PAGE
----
Of course I didn’t believe — I was an academic now! But as I sauntered into my early 30s I began to realize how much growing up in the church had affected me — not because I was paranoid or dogmatic, but because I had internalized many of the actual precepts of Dianetics. For instance, several years ago I attended the wedding of a friend whose parents had cut off communication with her after she left the church, but were trying out a reconciliation. At the wedding, they kept themselves apart but smiled constantly in a way that seemed almost robotic. Another friend there agreed with me that they appeared to have adopted a certain point on the tone scale, probably enthusiasm (4.0), and were maintaining it in all interactions. They seemed dialed in, which I noted in large part because I often feel that way myself.

Scientology claims that your mind can be controlled, that you can live according to the dictates of your true self, and that Scientologists can find success in whatever area they choose. There are plenty of successful Scientologists — and not just celebrities — otherwise the Church would never have amassed the wealth it has today. Successful Scientologists are often determined, willful people who are convinced of their own capacities, and though it’s impossible to determine whether the church’ precepts made them that way or if people attracted by a science of the mind are already preoccupied with self-control, self-mastery is central to the doctrine of Dianetics.

I’ve never consciously, as an adult, practiced Scientology principles, but it is positively eerie to glance over Scientology materials and find how obvious they seem: Of course your unconscious fears and memories hold you back (reactive mind) — you must triumph over them! For as long as I can remember, I’ve felt like there’s a war going on in my head and that I have to fight my way to victory, and I was well into my 20s before I discovered that not everyone thought the self was, or should be, perfectable. Can you unlearn a language you spoke fluently as a child? Once your relationships with others and yourself have been defined so comprehensively, can you ever see them any other way?

Although I have at least as much self-doubt as most other people, I’m also uncommonly confident in the ferocity of my own will. I started studying Chinese two months before my 28th birthday, and four years later I was conducting interviews with Chinese experts in my field, my research supported by prestigious grants. I have always maintained that I’m far from the smartest person I know, but that I can outwork almost anyone. I could give you more examples, as, I’m sure, could my friends, who have often endured my confusion when confronted with people who weren’t trained to subvert their unconscious wants, to will their brains to do their bidding, and to whom it doesn’t occur to strategize in relationships and social situations. Even the way I dealt with my father’s disconnection was about taking control of and managing my grief.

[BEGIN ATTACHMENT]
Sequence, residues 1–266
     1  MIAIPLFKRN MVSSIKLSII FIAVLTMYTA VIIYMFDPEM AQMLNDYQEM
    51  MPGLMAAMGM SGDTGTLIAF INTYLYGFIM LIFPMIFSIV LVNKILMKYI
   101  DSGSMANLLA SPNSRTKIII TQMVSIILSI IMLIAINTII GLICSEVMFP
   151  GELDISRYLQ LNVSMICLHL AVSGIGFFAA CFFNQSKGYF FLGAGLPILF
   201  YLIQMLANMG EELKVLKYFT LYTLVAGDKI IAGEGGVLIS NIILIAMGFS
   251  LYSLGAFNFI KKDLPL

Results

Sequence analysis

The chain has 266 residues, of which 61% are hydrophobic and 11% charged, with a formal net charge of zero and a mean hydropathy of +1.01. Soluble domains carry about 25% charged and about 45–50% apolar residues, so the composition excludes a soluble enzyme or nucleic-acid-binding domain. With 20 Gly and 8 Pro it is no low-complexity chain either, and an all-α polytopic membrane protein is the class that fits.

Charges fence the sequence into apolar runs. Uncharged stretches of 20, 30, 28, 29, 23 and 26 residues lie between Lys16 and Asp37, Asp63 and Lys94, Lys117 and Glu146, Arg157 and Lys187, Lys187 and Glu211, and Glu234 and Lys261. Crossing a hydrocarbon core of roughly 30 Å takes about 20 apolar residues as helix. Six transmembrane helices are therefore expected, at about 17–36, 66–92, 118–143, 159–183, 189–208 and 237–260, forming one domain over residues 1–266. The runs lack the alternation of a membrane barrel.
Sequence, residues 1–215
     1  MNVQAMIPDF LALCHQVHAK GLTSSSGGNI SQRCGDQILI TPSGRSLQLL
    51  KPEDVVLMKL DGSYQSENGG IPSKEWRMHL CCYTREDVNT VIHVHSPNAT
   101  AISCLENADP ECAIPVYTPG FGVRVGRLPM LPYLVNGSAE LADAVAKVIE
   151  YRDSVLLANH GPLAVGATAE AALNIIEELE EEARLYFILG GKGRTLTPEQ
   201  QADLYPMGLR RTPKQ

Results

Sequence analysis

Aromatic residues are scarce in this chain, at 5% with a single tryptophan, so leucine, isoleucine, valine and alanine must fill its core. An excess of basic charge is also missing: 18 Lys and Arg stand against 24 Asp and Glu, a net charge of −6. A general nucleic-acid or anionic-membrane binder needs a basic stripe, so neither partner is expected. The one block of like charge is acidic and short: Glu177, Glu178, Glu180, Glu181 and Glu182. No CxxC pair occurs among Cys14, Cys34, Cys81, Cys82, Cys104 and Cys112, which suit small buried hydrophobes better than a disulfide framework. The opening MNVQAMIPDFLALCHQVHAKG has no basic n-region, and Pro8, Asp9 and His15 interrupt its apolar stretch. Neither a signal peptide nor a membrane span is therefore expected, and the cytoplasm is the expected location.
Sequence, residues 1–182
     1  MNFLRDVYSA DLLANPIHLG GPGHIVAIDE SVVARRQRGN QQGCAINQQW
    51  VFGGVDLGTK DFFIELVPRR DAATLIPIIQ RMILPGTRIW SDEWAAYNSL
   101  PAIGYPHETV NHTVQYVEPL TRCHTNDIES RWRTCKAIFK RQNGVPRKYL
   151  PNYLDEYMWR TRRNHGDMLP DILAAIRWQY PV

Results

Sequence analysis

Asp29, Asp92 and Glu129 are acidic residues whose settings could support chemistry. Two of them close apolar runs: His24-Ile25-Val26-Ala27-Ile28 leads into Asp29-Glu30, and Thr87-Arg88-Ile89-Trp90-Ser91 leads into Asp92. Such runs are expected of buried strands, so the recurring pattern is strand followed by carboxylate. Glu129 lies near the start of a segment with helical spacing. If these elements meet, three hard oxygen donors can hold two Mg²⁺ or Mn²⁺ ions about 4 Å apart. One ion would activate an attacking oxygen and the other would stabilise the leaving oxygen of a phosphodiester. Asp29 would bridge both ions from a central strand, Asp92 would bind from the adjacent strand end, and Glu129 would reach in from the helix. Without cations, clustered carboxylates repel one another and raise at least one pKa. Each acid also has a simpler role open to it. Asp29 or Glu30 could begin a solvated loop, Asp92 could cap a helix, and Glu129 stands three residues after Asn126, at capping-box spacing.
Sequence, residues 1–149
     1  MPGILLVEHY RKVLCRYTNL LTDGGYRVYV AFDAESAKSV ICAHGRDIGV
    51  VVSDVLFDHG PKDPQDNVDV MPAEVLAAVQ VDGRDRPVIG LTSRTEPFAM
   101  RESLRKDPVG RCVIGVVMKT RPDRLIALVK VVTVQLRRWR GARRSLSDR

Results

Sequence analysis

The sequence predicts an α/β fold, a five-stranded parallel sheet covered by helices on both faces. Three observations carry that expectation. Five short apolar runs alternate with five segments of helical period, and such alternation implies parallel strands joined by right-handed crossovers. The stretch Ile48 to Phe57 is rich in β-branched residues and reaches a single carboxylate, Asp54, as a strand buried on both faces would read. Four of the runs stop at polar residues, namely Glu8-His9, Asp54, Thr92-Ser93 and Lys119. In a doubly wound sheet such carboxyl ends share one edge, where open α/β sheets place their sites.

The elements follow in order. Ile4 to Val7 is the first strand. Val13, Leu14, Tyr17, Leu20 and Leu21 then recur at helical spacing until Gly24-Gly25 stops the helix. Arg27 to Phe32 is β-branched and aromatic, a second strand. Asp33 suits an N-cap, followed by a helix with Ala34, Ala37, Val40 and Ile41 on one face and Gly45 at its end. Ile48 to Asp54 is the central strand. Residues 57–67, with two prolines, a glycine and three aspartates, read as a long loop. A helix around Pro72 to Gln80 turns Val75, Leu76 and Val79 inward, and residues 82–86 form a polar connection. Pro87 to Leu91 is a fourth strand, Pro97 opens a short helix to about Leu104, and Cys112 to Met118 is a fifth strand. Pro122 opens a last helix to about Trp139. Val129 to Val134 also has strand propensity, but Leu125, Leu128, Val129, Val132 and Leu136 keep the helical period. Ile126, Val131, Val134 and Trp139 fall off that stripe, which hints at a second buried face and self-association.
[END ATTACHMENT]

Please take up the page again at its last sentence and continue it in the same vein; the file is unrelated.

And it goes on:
The fact is, one of the reasons Scientology persists despite all the bad press, the public suspicion, and the insane costs of auditing and coursework is that it not only makes appealing promises, it often delivers on them — or at least its practitioners believe it does. Spend some time reading or listening to Scientologists, celebrity or not, talk about their religion, and you’ll likely hear them speaking pragmatically about how the church has helped them in their lives and in their relationships. They don’t spell out how ridding themselves of engrams and ‘clearing’ misunderstood words has heightened their mental powers, but why should they have to? The ideal of social improvement through self-improvement, the idea that our destiny is our own, and the promise of total control over ourselves and our environment — all of these fit nicely into the American mythology of the self-made man and the land of the free. It’s possible that I internalized the ideas of Dianetics so easily because they echoed messages I’d heard elsewhere in the culture. Or maybe I just ended up this way because I was born in the year of the snake; can we really untangle these things so easily?

Although Scientology has outposts in many far-flung corners of the world, I believe it is a fundamentally American religion. In my hours spent hunched over my Chinese textbook, in my father’s and mother’s considerable professional successes, in the Dianetics meetings my grandparents once held in their suburban ranch-style house, I see a particular kind of American promise: You can do anything if you put your mind to it. You can create the world you live in. It’s a compelling message. And yet it has a cruel flipside: When you have ultimate power, you are responsible for every failure and every flaw. I’m still relentlessly self-critical, always believing that the solution to anything is simply to work harder, and I’m forever trying to find ways to be stronger, to have better control — to focus more, wake up earlier, spend less money, find time to meditate … all of which sounds less like Scientology’s influence than the influence of the American self-help industry.

But I’ll say this much: If you’ve ever tried in earnest to fix yourself — to eat your vegetables and get your cardiovascular exercise, to be ambitious in your career and fearless in love — well, if someone told you that all you needed to achieve that was audit away a couple dozen body thetans attached to you by a malevolent galactic ruler named Xenu, you might just ask who to make the check out to.

NEXT: Postscript

Stella Forstner is the pseudonym of a Hairpin reader who wishes to protect her family’s anonymity.